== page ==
I can understand the Islamic scripture stipulating that Muslims should pray five times per day (one of which is at dawn break) but I can’t understand it outlawing the right of free expression and I certainly don’t appreciate it when the price one has to pay for freely expressing his opinion in a so-called conservative Muslim society would simply be his life.
Tunisia police teargas protest at ‘blasphemous’ Film
AFP – Fri, Oct 14, 2011
Tunisian extremists fire-bombed the home of a TV station chief Friday, hours after militants protesting its broadcast of a film they say violated Islamic values clashed with police in the streets of Tunis.
About a hundred men, some of whom threw Molotov cocktails, lay siege to the home of Nessma private television chief Nabil Karoui late Friday, the station reported in its evening news bulletin.
Karoui’s family had only just escaped, the news presenter said as Nessma denounced the attack.
Sofiane Ben Hmida, one of Nessma’s star reporters, told AFP the station chief was not at home when the attack on his house took place around 7:00 pm (1800 GMT). But his wife and children were.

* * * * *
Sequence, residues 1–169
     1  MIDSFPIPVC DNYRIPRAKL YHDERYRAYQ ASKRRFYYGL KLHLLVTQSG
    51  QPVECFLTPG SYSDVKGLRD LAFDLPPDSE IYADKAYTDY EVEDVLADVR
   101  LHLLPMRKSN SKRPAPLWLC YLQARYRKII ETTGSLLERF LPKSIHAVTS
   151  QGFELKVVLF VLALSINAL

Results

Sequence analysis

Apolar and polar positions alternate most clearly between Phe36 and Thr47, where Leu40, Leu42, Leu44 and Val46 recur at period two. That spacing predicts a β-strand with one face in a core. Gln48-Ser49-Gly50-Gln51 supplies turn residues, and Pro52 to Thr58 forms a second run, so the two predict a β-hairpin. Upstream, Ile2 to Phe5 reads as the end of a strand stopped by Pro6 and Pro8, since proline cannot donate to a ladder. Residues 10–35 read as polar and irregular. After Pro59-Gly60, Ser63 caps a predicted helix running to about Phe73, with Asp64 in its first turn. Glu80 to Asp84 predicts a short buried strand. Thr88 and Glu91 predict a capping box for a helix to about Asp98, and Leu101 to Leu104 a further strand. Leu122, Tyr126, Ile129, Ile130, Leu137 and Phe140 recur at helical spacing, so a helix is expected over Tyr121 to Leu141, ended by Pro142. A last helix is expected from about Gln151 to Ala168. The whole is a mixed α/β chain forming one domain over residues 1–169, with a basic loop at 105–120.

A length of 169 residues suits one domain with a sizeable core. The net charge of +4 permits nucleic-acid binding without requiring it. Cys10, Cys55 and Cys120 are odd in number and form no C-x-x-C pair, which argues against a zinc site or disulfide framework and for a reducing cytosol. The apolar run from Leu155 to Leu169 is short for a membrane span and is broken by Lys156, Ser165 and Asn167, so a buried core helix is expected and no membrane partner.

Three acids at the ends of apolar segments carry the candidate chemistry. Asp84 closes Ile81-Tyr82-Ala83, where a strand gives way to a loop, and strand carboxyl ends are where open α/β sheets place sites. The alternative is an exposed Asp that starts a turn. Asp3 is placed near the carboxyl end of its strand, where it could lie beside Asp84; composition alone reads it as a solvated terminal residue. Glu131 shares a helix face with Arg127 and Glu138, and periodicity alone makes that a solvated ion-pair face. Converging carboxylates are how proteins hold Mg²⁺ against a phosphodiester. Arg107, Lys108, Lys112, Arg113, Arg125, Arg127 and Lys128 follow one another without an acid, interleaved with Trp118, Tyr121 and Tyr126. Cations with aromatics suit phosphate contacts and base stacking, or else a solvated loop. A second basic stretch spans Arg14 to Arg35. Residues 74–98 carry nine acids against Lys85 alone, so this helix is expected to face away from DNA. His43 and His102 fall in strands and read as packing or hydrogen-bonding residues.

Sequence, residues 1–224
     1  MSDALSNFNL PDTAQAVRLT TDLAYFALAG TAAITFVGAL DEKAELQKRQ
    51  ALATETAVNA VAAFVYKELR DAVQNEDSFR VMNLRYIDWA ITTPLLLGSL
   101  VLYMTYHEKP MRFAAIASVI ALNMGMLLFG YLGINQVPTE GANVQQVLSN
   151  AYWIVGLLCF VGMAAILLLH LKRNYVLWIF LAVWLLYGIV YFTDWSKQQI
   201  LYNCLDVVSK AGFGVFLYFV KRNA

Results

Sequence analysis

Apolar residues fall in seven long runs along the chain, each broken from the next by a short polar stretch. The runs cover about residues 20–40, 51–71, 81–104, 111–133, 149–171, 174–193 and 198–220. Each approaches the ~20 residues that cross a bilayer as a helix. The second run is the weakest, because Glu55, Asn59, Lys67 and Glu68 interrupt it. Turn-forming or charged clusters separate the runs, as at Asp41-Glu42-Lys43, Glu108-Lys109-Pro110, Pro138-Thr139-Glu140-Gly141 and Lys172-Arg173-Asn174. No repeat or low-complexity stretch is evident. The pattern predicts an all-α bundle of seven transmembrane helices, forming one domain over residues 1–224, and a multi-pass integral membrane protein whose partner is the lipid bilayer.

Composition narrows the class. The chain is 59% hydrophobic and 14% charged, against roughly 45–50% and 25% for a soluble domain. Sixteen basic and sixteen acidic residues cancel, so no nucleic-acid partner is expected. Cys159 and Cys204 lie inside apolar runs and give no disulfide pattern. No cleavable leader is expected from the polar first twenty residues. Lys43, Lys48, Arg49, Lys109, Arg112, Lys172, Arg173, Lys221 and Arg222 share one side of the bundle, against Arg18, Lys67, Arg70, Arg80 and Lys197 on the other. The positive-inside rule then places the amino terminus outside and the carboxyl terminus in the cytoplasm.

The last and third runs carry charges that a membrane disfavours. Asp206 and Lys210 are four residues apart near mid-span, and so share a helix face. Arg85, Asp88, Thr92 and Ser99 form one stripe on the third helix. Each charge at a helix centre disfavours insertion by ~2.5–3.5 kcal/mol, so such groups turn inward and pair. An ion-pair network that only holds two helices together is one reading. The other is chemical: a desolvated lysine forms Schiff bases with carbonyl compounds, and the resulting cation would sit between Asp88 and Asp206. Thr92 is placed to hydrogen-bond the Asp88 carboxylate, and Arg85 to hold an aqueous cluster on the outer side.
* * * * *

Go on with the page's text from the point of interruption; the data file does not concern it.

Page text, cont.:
About 20 of the protesters were able to get inside.
“The family managed to get out the back and are safe. The attackers wrecked the house and set it on fire,” he added.
A neighbour, who had alerted police, said the aggressors arrived in taxis, armed with knives and Molotov cocktails.
According to a Nessma source “only a housemaid was present inside. She was attacked and hospitalised.”
Karoui himself said by telephone that he was shocked and devastated by the attack.
“I fear for my family. I am scared they (the attackers) will come back,” he said.
Interior ministry spokesman Hichem Meddeb said around a hundred people turned up outside the house, forced their way inside, broken the windows and torn out two gas pipes. Five people were arrested, he added.
Late Friday, 50 police officers were deployed at Karoui’s house, along with Nessma security staff.
This was the most serious incident yet in an escalating series of protests against the station’s broadcast of “Persepolis” on October 7.
The globally acclaimed animated film on Iran’s 1979 revolution offended many Muslims because it depicts an image of God as an old, bearded man. All depictions of God are forbidden by Islam.
[youtube 3PXHeKuBzPY&list=PLE3B9B662C456C887&index=9 PERSEPOLIS trailer ]